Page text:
US healthcare wastes up to $800
billion a year
WASHINGTON – As much as one-third
of the money spent on healthcare in the United States is wasted as a
result of inefficiencies, medical error and fraud, according to a
Thomson Reuters study that was released in October.
The U.S. healthcare system wastes between $505 billion and $850 billion
every year, the report from Robert Kelley, vice president of healthcare
analytics at Thomson Reuters, found.
“America’s healthcare system is indeed haemorrhaging billions of
dollars, and the opportunities to slow the fiscal bleeding are
substantial,” the report reads. “The bad news is that an estimated $700
billion is wasted annually. That’s
one-third of the nation’s healthcare bill,” Kelley said in a statement.
“The good news is that by attacking waste we can reduce healthcare costs
without adversely affecting the quality of care or access to care.” One
example – a paper-based system that discourages sharing of medical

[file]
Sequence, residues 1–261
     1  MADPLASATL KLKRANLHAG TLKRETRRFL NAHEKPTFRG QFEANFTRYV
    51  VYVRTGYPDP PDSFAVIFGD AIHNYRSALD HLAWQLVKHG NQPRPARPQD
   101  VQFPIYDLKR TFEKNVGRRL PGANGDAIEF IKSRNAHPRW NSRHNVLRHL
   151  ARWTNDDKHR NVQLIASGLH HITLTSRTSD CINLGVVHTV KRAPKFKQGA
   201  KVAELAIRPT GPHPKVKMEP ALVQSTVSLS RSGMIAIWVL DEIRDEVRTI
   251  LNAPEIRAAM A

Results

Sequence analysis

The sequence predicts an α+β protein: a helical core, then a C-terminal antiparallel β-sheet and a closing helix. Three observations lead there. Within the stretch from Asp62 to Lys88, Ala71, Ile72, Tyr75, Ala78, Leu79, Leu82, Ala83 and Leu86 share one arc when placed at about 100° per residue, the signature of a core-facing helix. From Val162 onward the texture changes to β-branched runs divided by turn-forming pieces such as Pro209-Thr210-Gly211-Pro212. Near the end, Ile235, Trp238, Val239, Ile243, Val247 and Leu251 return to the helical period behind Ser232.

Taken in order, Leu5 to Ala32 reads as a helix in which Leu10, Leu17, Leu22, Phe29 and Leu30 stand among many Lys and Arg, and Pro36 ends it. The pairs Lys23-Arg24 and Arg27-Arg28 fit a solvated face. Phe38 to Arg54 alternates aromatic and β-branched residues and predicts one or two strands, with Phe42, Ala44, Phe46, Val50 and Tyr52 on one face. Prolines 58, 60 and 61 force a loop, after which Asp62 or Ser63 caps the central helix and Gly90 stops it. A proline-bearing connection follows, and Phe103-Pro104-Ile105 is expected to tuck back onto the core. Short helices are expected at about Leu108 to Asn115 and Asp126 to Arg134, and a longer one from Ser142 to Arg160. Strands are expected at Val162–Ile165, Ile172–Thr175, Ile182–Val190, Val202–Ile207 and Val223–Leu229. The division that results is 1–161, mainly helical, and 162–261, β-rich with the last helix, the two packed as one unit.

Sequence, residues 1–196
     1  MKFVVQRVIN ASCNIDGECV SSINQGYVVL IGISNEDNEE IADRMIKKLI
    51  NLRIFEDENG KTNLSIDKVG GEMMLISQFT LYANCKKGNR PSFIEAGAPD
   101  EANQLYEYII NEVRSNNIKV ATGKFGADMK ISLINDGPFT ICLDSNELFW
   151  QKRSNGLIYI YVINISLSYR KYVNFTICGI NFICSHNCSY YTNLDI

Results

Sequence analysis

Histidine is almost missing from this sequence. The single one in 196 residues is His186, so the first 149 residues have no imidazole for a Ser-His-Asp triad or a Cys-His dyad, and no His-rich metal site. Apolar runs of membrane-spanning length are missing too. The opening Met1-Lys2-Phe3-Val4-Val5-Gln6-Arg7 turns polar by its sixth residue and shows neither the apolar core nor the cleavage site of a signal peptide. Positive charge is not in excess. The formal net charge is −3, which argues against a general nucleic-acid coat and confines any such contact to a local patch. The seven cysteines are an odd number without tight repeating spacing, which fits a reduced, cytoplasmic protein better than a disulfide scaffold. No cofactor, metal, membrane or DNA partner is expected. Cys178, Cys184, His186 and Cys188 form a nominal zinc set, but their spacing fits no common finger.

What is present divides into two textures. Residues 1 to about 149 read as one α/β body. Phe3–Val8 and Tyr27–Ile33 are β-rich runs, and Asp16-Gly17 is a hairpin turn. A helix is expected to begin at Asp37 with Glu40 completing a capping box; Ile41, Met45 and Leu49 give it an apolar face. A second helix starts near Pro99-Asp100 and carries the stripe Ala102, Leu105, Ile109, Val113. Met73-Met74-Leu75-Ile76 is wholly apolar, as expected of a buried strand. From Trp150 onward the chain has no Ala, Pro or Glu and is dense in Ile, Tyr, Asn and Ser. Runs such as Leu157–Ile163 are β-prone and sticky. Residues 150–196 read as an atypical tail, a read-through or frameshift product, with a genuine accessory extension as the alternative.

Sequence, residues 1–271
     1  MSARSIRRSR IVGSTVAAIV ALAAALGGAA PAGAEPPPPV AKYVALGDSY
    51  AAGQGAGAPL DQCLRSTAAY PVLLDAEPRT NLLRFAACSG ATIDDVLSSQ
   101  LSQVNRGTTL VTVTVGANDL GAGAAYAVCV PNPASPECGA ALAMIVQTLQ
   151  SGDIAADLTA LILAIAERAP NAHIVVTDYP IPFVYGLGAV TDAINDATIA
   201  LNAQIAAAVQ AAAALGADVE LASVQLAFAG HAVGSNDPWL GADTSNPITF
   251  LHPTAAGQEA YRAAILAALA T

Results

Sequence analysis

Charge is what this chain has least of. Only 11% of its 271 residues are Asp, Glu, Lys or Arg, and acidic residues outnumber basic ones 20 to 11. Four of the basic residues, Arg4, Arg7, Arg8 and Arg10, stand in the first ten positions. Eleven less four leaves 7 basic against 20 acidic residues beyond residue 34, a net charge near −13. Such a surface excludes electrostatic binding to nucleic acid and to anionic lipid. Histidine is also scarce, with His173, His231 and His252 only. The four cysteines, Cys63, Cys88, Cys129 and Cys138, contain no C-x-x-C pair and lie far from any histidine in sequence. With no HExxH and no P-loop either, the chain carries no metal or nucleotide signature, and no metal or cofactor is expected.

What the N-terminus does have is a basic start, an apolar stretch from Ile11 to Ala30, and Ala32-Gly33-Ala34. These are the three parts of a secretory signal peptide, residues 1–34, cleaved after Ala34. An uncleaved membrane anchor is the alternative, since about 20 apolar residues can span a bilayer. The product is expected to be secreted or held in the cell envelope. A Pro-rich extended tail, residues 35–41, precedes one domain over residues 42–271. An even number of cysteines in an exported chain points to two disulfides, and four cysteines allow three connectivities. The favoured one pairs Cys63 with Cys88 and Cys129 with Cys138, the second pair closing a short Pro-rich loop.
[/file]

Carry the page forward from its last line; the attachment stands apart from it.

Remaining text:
records accounts for 6 percent of annual overspending.
“It is waste when caregivers duplicate tests because results recorded in
a patient’s record with one provider are not available to another or
when medical staff provides inappropriate treatment because relevant
history of previous treatment cannot be accessed,” the report reads.
Some other findings in the report from Thomson Reuters, the parent
company of Reuters:
• Unnecessary care such as the overuse of antibiotics and lab tests to
protect against malpractice exposure makes up 37 percent of healthcare
waste or $200 to $300 billion a year.
• Fraud makes up 22 percent of healthcare waste, or up to $200 billion a
year in fraudulent Medicare claims, kickbacks for referrals for
unnecessary services and other scams.
• Administrative inefficiency and redundant paperwork account for 18
percent of healthcare waste.
• Medical mistakes account for $50 billion to $100 billion in
unnecessary spending each year, or 11 percent of the total.
• Preventable conditions such as uncontrolled diabetes cost $30 billion
to $50 billion a year.
• “The average U.S. hospital spends one-quarter of its budget on billing
and administration, nearly twice the average in Canada,” reads the
report, citing dozens of other research papers.
“American physicians spend nearly eight hours per week on paperwork and
employ 1.66 clerical workers per doctor, far more than in Canada,” it
says, quoting a 2003 New England Journal of Medicine paper by Harvard
University researcher Dr. Steffie Woolhandler.
Posted November 12, 2009